A subtle attraction between metallic strips could reveal the theorized but never detected particles that impart gravity.
An experiment proposed in a Feb. 27 Physical Review Letters paper would explore whether fleeting waves of gravity in a vacuum perceptibly nudge two lead plates together. Detecting this attractive force, known as the gravitational Casimir effect, would prove the existence of gravitons — theorized particles that transfer gravitational force between matter. Yet the experiment’s success hinges on a controversial interpretation of how gravity interacts with certain types of matter.
Gravity figures prominently in everyday life, but it is difficult to study at very small scales. Most physicists believe that detecting individual gravitons is impossible with current technology.
In the new paper, theoretical physicist James Quach from the University of Tokyo in Kashiwa, Japan, proposes exploring the essence of gravity with the Casimir effect. Traditionally, this phenomenon has demonstrated the fundamentally quantum nature of electromagnetism. In the classic experiment, two thin mirrors are placed micrometers apart in vacuum conditions. Although a vacuum seemingly consists of empty space, it’s full of photons — particles that carry the electromagnetic force — popping in and out of existence. These ephemeral photons also behave like waves, which bounce off the mirrors and deliver slight nudges. Because the mirrors are so close together, some waves can’t squeeze between them. Pushes from the electromagnetic waves on the outside of the mirrors overcome those from the waves in between, and the mirrors inch toward each other.
The Casimir effect isn’t limited to the electromagnetic force, Quach says. Like photons and their associated electromagnetic waves, short-lived gravitons in a vacuum should manifest themselves as gravitational waves. The obstacle is detecting this gravitational Casimir effect: Gravity is a much weaker force than electromagnetism, and gravitational waves are thought to pass through matter like ghosts rather than bounce off it.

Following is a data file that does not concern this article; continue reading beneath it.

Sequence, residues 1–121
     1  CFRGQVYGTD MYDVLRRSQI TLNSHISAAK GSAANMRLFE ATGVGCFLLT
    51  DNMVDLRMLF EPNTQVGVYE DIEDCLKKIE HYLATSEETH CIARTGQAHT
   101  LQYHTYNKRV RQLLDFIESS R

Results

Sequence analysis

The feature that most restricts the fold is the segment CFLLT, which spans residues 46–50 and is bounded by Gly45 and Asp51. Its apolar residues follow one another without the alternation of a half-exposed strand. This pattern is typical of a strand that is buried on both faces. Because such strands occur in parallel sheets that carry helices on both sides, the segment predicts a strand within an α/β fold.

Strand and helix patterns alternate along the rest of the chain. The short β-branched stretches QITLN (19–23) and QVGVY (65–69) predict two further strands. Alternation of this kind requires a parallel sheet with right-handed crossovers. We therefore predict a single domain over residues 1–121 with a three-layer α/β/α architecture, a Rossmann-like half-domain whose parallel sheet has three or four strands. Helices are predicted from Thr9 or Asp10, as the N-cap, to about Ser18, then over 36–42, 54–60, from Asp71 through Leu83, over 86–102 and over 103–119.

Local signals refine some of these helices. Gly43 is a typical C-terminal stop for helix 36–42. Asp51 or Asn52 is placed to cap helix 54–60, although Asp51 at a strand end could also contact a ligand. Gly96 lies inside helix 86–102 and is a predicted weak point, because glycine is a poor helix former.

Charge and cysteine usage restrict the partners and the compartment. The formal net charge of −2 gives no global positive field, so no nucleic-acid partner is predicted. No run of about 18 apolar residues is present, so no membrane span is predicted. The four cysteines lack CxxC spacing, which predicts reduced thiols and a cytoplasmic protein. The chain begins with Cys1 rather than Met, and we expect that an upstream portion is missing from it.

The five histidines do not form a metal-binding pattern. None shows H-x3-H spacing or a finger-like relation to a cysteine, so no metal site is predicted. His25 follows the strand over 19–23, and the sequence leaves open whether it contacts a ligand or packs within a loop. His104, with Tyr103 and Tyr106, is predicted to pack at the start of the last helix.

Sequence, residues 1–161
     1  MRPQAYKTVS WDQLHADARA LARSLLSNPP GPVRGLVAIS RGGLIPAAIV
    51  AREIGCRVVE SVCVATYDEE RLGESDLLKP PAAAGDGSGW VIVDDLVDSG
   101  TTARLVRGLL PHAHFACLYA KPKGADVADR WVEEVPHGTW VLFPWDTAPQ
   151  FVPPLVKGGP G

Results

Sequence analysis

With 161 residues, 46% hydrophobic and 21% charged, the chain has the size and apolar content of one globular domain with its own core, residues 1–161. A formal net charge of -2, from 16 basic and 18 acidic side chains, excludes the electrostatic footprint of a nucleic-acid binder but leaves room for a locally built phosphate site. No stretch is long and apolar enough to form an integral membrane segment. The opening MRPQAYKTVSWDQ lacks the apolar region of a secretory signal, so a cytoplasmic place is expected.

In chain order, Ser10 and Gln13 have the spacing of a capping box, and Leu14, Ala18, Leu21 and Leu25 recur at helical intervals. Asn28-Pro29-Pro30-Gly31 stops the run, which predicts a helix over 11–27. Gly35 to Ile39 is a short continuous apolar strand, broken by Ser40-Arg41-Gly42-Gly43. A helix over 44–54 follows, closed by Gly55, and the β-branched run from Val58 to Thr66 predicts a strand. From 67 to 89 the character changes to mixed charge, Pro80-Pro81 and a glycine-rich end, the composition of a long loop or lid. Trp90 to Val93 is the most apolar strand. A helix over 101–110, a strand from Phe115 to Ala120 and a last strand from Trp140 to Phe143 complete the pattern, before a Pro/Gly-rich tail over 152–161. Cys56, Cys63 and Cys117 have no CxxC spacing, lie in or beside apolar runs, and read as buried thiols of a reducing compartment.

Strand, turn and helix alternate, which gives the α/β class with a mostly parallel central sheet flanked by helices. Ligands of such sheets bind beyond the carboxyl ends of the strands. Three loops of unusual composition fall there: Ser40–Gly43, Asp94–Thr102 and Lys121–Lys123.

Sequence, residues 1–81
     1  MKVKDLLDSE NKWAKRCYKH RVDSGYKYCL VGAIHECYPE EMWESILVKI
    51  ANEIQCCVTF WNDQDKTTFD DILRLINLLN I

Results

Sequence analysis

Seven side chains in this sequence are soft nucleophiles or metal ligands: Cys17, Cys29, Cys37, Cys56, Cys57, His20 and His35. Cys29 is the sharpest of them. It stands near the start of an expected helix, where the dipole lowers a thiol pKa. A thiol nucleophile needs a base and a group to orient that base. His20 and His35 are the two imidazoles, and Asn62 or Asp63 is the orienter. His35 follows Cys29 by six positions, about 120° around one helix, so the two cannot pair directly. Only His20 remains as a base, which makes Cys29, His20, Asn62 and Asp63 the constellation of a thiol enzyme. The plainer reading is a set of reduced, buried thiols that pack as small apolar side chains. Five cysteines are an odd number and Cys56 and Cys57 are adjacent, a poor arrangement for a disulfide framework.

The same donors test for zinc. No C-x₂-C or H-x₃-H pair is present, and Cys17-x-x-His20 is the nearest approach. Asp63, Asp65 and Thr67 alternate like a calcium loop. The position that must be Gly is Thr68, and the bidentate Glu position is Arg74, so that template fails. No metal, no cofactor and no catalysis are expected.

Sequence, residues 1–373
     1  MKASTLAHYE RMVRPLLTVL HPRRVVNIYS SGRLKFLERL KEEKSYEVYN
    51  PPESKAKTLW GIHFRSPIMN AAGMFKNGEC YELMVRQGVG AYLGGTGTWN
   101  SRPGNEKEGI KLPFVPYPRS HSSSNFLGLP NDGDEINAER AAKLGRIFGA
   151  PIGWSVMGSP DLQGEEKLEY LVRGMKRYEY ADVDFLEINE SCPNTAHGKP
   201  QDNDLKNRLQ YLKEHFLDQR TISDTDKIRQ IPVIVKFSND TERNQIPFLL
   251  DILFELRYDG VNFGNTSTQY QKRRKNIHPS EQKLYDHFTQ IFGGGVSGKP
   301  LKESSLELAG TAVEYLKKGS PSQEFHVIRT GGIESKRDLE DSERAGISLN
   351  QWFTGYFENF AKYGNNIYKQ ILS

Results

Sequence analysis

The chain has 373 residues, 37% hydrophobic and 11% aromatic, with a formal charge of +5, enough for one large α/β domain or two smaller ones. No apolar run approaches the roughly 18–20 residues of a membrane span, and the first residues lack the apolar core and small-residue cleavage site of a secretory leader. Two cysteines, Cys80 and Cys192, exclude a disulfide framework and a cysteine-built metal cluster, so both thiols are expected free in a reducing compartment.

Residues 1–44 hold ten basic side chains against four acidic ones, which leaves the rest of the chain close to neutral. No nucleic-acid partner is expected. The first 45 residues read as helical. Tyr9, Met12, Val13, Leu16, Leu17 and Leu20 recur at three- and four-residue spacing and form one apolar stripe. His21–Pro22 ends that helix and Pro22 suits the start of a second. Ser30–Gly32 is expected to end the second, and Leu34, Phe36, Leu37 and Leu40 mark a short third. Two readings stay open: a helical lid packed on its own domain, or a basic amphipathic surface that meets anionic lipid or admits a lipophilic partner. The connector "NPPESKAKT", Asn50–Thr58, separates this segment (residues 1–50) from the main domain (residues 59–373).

So Quach turned to a 2010 proposal that certain superconductors, materials in which electrons flow with no resistance, could serve as mirrors for gravitational waves. Assuming the hypothesis is correct, Quach calculated that two thin strips of lead, chilled to nearly absolute zero so that they become superconducting, should experience a detectable gravitational Casimir attractive force when placed micrometers apart. Such a result would provide strong evidence for the existence of gravitons and gravitational waves.
Larry Ford, a theoretical physicist at Tufts University in Medford, Mass., has no problem with Quach’s calculations. But Ford is very skeptical of the 2010 study, published in Physica E. “Gravitational wave interaction just depends on mass, not composition,” he says. Quach expresses skepticism, too, in his paper. Even Stephen Minter, a coauthor of the 2010 work, says the one experiment performed to test his team’s hypothesis failed to deliver results because of a technical error.
Ford says it might be worth doing to explore the electromagnetic forces between superconducting plates. Minter argues that it’s a no-brainer to conduct a relatively easy experiment that has the potential to discover gravitons. “But,” he says, “I’d be just as shocked as anyone if we turned out to be right.”